Cancer center developer wins $19.5M in tax credits
Townsend Capital secures the federal credits to build research parks in Hawaii and several other states
A Maryland firm hired to develop the University of Hawaii's Cancer Research Center of Hawaii in Kakaako has secured $19.5 million in federal tax credits to use to develop research parks in Hawaii and several other states.
It is not clear whether Townsend Capital LLC plans to use any of the money for the Kakaako cancer center, which UH selected Townsend to design, build and finance.
Richard Cundiff III, a vice president and director of investment banking for Townsend, could not be reached for comment. Dennis Townsend, the company's chairman, did not return calls.
What is clear is that the money could give a big infusion of capital to the cancer center, which is a critical component of Kakaako's redevelopment.
According to the terminology used to describe the U.S. Treasury Department's New Markets Tax Credit program, Townsend earlier this month was awarded an "allocation" of $50 million to invest in the development of research parks in distressed communities near universities, medical schools and other "Centers of Knowledge" in Hawaii and six other states.
That means if Townsend invests $50 million in privately raised money, it can receive federal tax credits worth 39 percent of that investment, or $19.5 million, paid out over seven years. The allocation is being administered by a Townsend-related entity called Urban Research Park CDE LLC.
The federal money is separate from the state tobacco tax money that is being earmarked for the Cancer Research Center. The tax, which was increased by the state Legislature during the most recent session, is expected to generate about $11 million a year. The full amount will be directed to the center during the first year the tax increase takes effect. In subsequent years, the center will receive only part of the money.
Carl-Wilhelm Vogel, director of the Cancer Research Center of Hawaii, said he was not aware of Townsend's $50 million federal allocation, and did not know whether the company planned to use it to help finance the Kakaako cancer center.
"I'd be interested to find out, too," Vogel said.
Administered by the Treasury Department, the New Markets Tax Credit Program is designed to encourage investment in economically distressed areas. Kakaako qualifies as such an area under the program.
Last year, Biotech Research Center LLC, a partnership seeking to develop a private biotech research facility on land owned by Kamehameha Schools, received an allocation of $28 million, including about $11 million in tax credits, to help finance its planned 300,000-square-foot facility in Kakaako.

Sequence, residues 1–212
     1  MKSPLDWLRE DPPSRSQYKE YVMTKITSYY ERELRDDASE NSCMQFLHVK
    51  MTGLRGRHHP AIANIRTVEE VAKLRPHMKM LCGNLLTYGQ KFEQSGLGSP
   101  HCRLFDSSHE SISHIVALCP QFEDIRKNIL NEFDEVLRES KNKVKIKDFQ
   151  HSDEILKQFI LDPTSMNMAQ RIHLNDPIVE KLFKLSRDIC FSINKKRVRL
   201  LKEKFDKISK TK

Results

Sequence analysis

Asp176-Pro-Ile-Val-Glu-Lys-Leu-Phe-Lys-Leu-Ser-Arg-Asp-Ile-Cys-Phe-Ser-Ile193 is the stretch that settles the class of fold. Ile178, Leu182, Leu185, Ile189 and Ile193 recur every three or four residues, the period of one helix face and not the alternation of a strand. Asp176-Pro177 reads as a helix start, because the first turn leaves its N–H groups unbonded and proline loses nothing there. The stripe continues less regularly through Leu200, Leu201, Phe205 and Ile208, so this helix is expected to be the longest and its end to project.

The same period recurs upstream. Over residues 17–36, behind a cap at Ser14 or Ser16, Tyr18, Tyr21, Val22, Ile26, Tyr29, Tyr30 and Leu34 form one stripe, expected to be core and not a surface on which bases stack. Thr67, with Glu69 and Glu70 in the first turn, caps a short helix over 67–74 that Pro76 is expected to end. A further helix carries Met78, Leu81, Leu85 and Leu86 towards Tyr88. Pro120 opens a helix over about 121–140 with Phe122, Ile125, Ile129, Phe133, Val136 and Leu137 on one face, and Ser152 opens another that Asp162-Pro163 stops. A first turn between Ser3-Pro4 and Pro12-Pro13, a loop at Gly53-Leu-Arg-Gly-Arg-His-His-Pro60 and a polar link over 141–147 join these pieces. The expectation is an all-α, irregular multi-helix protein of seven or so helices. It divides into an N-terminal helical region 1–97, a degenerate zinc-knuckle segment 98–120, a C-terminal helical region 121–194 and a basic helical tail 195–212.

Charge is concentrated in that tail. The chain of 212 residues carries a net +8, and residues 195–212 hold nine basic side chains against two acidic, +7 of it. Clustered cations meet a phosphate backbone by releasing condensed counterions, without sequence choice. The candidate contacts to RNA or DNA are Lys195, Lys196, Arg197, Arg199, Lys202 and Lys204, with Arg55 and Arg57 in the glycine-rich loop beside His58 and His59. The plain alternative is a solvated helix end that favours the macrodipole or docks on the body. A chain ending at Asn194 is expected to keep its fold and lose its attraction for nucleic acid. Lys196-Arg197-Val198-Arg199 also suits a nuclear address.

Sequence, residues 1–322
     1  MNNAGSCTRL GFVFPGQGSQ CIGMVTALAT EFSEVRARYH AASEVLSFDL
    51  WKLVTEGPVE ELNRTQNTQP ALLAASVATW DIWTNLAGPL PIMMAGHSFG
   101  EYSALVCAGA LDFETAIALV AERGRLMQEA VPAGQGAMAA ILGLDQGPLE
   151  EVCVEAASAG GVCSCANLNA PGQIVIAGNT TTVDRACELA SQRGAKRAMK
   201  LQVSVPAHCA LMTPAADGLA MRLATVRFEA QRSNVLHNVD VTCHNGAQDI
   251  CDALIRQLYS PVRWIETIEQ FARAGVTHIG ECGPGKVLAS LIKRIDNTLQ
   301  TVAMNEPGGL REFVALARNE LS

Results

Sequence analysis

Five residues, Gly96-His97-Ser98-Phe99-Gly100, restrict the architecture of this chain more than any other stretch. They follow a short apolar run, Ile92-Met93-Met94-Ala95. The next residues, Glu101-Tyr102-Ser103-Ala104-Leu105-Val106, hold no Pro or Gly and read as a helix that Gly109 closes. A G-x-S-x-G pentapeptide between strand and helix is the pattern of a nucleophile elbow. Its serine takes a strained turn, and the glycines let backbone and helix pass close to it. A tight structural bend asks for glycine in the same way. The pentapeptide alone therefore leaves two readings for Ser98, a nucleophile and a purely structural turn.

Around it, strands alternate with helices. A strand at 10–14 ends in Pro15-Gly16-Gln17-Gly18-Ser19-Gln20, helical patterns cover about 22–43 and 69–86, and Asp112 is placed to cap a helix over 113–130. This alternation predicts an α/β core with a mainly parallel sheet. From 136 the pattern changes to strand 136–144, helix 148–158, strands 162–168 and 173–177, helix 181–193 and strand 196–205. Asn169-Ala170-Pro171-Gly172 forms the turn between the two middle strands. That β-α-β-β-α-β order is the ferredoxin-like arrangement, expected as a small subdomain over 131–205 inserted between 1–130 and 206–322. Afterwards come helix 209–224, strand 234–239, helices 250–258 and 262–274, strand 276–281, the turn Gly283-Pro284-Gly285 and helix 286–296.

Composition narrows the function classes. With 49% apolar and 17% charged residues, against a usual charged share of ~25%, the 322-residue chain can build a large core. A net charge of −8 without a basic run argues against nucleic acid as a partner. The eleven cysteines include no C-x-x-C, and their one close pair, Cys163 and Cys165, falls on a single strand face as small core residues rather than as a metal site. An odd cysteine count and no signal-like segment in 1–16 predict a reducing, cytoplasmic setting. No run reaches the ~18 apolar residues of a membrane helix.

According to the Treasury Department, Townsend affiliate Urban Research Park will use its allocation to develop research centers that "focus on the development of cutting-edge technologies, new business accelerators and company incubators in the fields of biotechnology, nanotechnology, molecular research and information technology."
In addition to Hawaii, Urban Research Park serves Illinois, Kentucky, Maryland, New York, Pennsylvania and Virginia.
For Hawaii, the cancer center is a key to Kakaako's metamorphosis from a partially blighted area of rusting, light-industrial facilities into a biomedical hub that could attract armies of scientists carrying portfolios of lucrative research grants and venture capital investments, plus staffs of researchers.
To anchor Kakaako as a biomedical hub, the state has located the University of Hawaii's John A. Burns School of Medicine there. But the cancer center and Kamehameha Schools projects still appear to be in the early development stages.
In contrast to an ill-fated mixed-use development proposed for state land in Kakaako, which would have included high-rise residential towers, the biomedical projects have not drawn criticism from community groups opposing development.
Daniel Dinell, director of the Hawaii Community Development Authority, a state agency managing the redevelopment of Kakaako, said the cancer center "will not only benefit the health of the people of Hawaii, but will contribute toward the vision of Kakaako as a 'live, work, play, learn and visit' destination by bringing workers and visitors to the nearby parks and pedestrian-oriented waterfront already developed by HCDA."
For both Urban Research Park and Biotech Research Center LLC, the federal tax credits provide what amounts to equity that can be leveraged to attract private loans and equity investors. According to a Treasury Department profile of Urban Research Park, the tax credits will enable the firm "to provide debt and equity products with flexible, below market terms that benefit the research park's tenants, the project itself, and the surrounding community."